Britain To Build A ‘National Flagship’ To Promote Maritime Trade
by Alistair Smout (Reuters) – Britain is to build a new flagship to promote its business and trade interests around the world, the government said on Saturday, in a move it...
SYDNEY, July 24 (Reuters) – A boat carrying as many as 170 suspected asylum seekers bound for Australia has sunk off the south coast of Indonesia, with up to 60 people feared dead or missing, Australian media reported on Wednesday.
The latest mishap at sea involving boat people came less than a week after Australia slammed the door on would-be refugees with a deal to send all boat arrivals to Papua New Guinea for assessment and eventual settlement.
As many as 170 people were on board the vessel, which broke up in heavy seas late on Tuesday, News Ltd reported. More than 100 people, mostly from Iran and Sri Lanka, were rescued by fisherman in the area overnight, it said.
The Australian Maritime Safety Authority (AMSA) confirmed that a rescue operation was underway, without providing further information.
“Indonesian authorities are coordinating the rescue of that incident. AMSA is not involved at this stage,” a spokeswoman for the authority said.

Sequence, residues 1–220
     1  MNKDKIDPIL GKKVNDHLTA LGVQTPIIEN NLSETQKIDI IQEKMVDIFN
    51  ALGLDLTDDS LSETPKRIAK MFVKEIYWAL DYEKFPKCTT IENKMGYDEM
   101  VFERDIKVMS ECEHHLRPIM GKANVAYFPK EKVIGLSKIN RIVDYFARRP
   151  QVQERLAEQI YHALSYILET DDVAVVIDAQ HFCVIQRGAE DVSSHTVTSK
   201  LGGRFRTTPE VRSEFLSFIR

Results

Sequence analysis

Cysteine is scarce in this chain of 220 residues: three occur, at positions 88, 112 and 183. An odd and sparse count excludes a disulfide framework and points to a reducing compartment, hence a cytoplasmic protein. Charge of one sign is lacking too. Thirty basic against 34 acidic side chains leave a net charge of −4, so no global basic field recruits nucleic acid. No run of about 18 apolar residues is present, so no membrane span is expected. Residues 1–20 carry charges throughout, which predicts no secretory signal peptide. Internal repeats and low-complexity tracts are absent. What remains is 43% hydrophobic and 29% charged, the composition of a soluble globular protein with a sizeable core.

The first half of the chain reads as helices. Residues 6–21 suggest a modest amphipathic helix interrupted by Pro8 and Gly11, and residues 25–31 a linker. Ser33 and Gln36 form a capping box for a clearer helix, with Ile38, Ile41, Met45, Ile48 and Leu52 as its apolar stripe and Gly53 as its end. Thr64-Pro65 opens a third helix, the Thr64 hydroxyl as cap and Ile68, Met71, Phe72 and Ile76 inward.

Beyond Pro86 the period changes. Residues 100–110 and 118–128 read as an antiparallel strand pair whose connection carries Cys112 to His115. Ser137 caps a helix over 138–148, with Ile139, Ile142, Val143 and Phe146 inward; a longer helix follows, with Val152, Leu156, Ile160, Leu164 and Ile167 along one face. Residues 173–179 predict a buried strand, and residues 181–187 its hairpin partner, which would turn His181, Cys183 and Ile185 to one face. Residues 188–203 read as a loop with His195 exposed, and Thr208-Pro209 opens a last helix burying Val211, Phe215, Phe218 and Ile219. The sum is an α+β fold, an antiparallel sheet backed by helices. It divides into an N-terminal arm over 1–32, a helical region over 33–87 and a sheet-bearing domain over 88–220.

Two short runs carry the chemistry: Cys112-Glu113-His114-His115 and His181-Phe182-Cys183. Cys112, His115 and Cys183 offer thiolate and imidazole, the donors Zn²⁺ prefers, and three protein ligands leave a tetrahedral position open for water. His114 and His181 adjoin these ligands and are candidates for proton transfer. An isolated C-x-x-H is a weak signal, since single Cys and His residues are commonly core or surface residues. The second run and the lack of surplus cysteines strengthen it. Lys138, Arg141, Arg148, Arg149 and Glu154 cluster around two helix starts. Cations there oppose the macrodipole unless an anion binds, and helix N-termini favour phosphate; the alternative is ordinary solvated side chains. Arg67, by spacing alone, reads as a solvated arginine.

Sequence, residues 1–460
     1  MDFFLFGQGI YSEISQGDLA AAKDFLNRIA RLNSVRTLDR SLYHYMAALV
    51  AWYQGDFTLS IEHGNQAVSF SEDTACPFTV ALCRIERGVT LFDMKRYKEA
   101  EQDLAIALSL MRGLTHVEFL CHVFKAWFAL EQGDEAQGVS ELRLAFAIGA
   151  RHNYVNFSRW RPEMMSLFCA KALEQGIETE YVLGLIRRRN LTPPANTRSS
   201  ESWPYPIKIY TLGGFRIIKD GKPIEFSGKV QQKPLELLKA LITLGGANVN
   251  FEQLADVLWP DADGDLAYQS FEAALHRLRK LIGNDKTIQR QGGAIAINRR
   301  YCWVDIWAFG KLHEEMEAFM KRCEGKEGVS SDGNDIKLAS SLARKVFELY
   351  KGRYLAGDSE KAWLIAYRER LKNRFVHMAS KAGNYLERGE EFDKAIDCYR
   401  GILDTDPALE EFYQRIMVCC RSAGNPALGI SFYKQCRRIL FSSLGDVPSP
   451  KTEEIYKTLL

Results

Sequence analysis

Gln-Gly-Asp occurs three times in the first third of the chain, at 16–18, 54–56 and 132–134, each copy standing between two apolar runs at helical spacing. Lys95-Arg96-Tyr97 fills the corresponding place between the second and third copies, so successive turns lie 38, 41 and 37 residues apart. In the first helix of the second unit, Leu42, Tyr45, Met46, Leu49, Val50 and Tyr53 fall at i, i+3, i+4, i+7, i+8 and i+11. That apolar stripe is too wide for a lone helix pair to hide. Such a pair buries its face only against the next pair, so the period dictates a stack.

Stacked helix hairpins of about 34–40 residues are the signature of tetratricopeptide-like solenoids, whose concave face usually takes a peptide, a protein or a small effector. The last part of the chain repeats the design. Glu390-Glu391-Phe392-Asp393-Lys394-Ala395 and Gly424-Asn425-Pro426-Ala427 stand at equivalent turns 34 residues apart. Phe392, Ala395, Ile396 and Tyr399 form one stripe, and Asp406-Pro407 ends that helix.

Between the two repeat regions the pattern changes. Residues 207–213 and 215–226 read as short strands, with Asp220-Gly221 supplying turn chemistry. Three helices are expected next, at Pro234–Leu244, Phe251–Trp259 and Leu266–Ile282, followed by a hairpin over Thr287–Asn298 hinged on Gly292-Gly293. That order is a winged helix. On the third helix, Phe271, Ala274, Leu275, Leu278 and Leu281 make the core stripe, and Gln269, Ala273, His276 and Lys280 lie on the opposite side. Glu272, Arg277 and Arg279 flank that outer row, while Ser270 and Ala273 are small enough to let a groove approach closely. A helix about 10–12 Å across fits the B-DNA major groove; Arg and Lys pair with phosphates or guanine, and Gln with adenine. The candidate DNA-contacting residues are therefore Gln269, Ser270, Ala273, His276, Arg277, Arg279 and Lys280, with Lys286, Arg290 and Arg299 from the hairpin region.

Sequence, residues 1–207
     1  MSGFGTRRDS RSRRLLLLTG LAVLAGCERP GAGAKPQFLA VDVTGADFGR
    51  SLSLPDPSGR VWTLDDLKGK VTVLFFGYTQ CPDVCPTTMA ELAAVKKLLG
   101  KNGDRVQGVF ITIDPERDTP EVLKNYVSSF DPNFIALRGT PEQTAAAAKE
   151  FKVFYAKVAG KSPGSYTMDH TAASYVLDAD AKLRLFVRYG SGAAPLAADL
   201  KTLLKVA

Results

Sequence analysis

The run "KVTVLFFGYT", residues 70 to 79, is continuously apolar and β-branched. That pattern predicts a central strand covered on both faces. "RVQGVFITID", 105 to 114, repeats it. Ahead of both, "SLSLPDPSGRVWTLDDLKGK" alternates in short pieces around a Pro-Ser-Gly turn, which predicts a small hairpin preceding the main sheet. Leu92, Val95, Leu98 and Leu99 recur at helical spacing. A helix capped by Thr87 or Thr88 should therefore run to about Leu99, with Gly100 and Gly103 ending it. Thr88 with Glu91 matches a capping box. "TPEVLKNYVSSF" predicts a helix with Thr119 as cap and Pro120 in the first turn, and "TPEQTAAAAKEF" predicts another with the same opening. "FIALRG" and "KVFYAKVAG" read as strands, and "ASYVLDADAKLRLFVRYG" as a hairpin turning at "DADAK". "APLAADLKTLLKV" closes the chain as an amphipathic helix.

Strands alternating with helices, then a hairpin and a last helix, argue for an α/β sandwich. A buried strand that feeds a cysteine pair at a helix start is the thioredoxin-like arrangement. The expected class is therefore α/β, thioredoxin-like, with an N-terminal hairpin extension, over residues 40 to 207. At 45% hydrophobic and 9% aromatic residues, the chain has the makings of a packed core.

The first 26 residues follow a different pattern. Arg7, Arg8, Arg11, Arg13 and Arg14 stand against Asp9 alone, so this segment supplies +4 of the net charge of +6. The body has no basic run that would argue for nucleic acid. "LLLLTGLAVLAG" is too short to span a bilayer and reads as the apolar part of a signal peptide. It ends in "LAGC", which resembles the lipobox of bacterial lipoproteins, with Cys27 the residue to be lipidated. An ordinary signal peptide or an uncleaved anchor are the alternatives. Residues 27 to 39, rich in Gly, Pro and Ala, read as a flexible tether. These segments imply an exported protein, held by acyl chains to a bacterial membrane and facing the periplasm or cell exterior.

Indonesia’s National Search and Rescue (Basarnas) was not immediately available for comment.
Refugee policy and immigration are hot political issues in Australia, particularly with an election looming in a few weeks.
On Friday, Australian Prime Minister Kevin Rudd announced tough new measures to stem what has been described as a dramatic increase in the number of refugee boats setting out on the perilous journey from Indonesia.
More than 15,000 asylum seekers have arrived by boat in Australian territory this year, igniting a heated debate on refugee policy and prompting opposition accusations that the ruling Labor government is soft on border protection.
That number trying to reach Australia however is tiny compared with refugee arrivals elsewhere in the world and the new policy has been condemned by human rights groups. Amnesty International said Australia was shirking its moral obligations and turning its back on the world’s most vulnerable people. (Reporting by Maggie Lu Yueyang; Editing by Paul Tait)
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